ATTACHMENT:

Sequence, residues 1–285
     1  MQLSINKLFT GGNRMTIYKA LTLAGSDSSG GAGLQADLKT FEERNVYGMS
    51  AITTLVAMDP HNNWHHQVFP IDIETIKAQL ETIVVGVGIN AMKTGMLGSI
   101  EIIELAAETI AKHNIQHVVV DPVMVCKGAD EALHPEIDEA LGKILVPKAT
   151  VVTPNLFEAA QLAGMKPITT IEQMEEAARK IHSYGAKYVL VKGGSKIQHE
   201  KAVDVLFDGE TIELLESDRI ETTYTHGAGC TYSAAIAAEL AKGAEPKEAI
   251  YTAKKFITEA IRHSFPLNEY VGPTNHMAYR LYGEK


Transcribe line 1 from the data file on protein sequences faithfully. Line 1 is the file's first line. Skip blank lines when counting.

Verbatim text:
Sequence, residues 1–285